Ottawa to seek biometric data on visitors
No nation would be exempt from plan, says incoming CSIS boss
Globe and Mail
June 10, 2009
OTTAWA —The incoming head of Canada's spy agency says new rules requiring digital fingerprints and photos at foreign visa offices will be extended to every visitor from any country in the world including close European allies such as France and Britain.
Speaking in his current position as deputy minister of Citizenship and Immigration, Richard Fadden said the use of such biometric data will be phased in over time, starting with countries considered to pose higher security risks.
The plan is to phase in the rules between 2011 and 2013 for countries whose nationals require a visa for travel, work or study in Canada. But Mr. Fadden revealed yesterday that the longer-term plan will extend the rules to citizens of the nearly 60 countries who travel to Canada relatively hassle-free through exemptions from the visa process.
Mr. Fadden did not say how biometric information will be gathered for visitors who do not require a visa. However, many countries, including Canada, have discussed the adoption of national ID cards that include biometric data.
The intention is to capture everybody, Mr. Fadden told MPs during an appearance before the House of Commons immigration committee yesterday. The idea is to increase our capacity to know who is in Canada at a particular point of time.
Mr. Fadden's appearance alongside Immigration Minister Jason Kenney provided his first public comments since his appointment as director of the Canadian Security Intelligence Service. Mr. Fadden won't begin his new job until June 27, but his testimony yesterday underscored the degree to which he is already deeply immersed in national security issues as the immigration department's top bureaucrat.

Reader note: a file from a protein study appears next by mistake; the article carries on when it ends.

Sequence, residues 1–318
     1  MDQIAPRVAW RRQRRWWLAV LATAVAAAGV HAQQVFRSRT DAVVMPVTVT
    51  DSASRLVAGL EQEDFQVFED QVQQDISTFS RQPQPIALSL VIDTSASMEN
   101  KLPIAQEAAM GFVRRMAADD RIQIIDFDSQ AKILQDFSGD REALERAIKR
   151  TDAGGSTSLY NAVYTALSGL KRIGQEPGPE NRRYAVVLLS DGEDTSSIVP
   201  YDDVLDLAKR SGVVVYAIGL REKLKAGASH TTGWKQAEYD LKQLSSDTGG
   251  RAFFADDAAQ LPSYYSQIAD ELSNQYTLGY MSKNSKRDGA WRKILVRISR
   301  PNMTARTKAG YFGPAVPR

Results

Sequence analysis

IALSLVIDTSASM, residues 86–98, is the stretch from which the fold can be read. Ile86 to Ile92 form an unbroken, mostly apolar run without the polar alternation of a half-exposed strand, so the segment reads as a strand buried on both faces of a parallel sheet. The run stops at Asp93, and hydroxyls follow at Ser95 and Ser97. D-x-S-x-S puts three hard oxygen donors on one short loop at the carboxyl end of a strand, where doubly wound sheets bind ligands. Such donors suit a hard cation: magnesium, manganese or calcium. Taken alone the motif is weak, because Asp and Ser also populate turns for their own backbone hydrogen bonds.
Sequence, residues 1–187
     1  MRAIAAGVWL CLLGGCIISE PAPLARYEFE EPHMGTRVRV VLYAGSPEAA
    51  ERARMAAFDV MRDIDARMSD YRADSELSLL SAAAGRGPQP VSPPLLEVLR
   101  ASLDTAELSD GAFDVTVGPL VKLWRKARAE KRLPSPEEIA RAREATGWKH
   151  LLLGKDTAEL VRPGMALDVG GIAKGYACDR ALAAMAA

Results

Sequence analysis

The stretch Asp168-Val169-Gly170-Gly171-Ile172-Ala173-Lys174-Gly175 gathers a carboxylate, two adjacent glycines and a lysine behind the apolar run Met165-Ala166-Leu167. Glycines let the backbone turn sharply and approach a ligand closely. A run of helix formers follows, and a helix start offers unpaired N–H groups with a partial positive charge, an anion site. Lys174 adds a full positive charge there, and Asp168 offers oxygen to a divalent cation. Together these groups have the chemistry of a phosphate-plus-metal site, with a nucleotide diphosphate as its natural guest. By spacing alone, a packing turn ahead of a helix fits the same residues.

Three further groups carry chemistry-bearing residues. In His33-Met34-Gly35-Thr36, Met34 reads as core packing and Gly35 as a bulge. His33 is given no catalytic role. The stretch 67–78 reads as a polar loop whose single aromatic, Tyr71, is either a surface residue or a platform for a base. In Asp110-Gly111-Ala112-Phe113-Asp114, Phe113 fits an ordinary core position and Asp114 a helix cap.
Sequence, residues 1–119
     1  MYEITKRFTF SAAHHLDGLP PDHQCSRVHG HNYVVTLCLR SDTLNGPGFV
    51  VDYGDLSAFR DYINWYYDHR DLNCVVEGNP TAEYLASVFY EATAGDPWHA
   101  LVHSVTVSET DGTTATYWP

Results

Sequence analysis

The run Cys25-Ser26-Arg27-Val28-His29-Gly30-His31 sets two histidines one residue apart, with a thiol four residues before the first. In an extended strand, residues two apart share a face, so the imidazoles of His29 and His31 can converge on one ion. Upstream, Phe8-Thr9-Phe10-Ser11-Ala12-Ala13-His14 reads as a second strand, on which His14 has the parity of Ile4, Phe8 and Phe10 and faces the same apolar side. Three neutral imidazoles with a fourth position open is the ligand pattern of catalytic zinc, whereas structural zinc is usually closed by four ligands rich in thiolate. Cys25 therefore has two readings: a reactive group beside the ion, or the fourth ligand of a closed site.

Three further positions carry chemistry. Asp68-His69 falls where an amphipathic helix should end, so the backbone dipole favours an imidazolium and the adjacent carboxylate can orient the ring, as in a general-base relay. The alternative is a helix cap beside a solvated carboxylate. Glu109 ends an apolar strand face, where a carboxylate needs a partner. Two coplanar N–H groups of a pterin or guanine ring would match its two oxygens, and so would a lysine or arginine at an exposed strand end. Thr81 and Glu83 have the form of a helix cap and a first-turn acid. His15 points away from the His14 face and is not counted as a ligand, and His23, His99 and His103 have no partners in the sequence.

The deputy minister said no date has been set on when biometrics will be required for all visitors. He also said there's no reason why countries in the European Union should be exempt.
Part of the difficulty is there are significant program integrity and national security issues originating from people who are citizens of EU countries, said Mr. Fadden. We don't see any program basis on which to distinguish our treatment of them as opposed to other parts of the world.
The federal government tested the photograph and fingerprint technology known as biometrics during a field trial from October, 2006, to April, 2007, in two overseas visa offices. That study concluded the technology is reliable and effective at preventing fraud.
The face scans and fingerprints help identify people who are refused a visa to come to Canada and then show up at the border as refugee claimants lacking any documentation.
The 2008 budget set aside $26-million to introduce biometrics into the visa system, describing the measure as one that matches similar practices in the United States, Australia and the United Kingdom. But Mr. Fadden's comments yesterday provided much more detail on the plan. He said Canada's intention is to issue about 20 to 25 contracts with private companies around the world to accept paper visa applications and record biometric data.
We're going to phase this in and we're going to pick countries where there are more concerns, but the intent is to cover all temporary visitors, said Mr. Fadden.
The federal Privacy Commissioner said it will be asking the immigration department to submit a business plan explaining why the move to biometrics is necessary.
We have expressed concerns about the necessity of using biometric information for the purposes of enforcing immigration and refugee laws, said Valerie Lawton, a spokesperson for the commissioner. The use of biometrics in border security is increasing and our office will be monitoring these developments closely.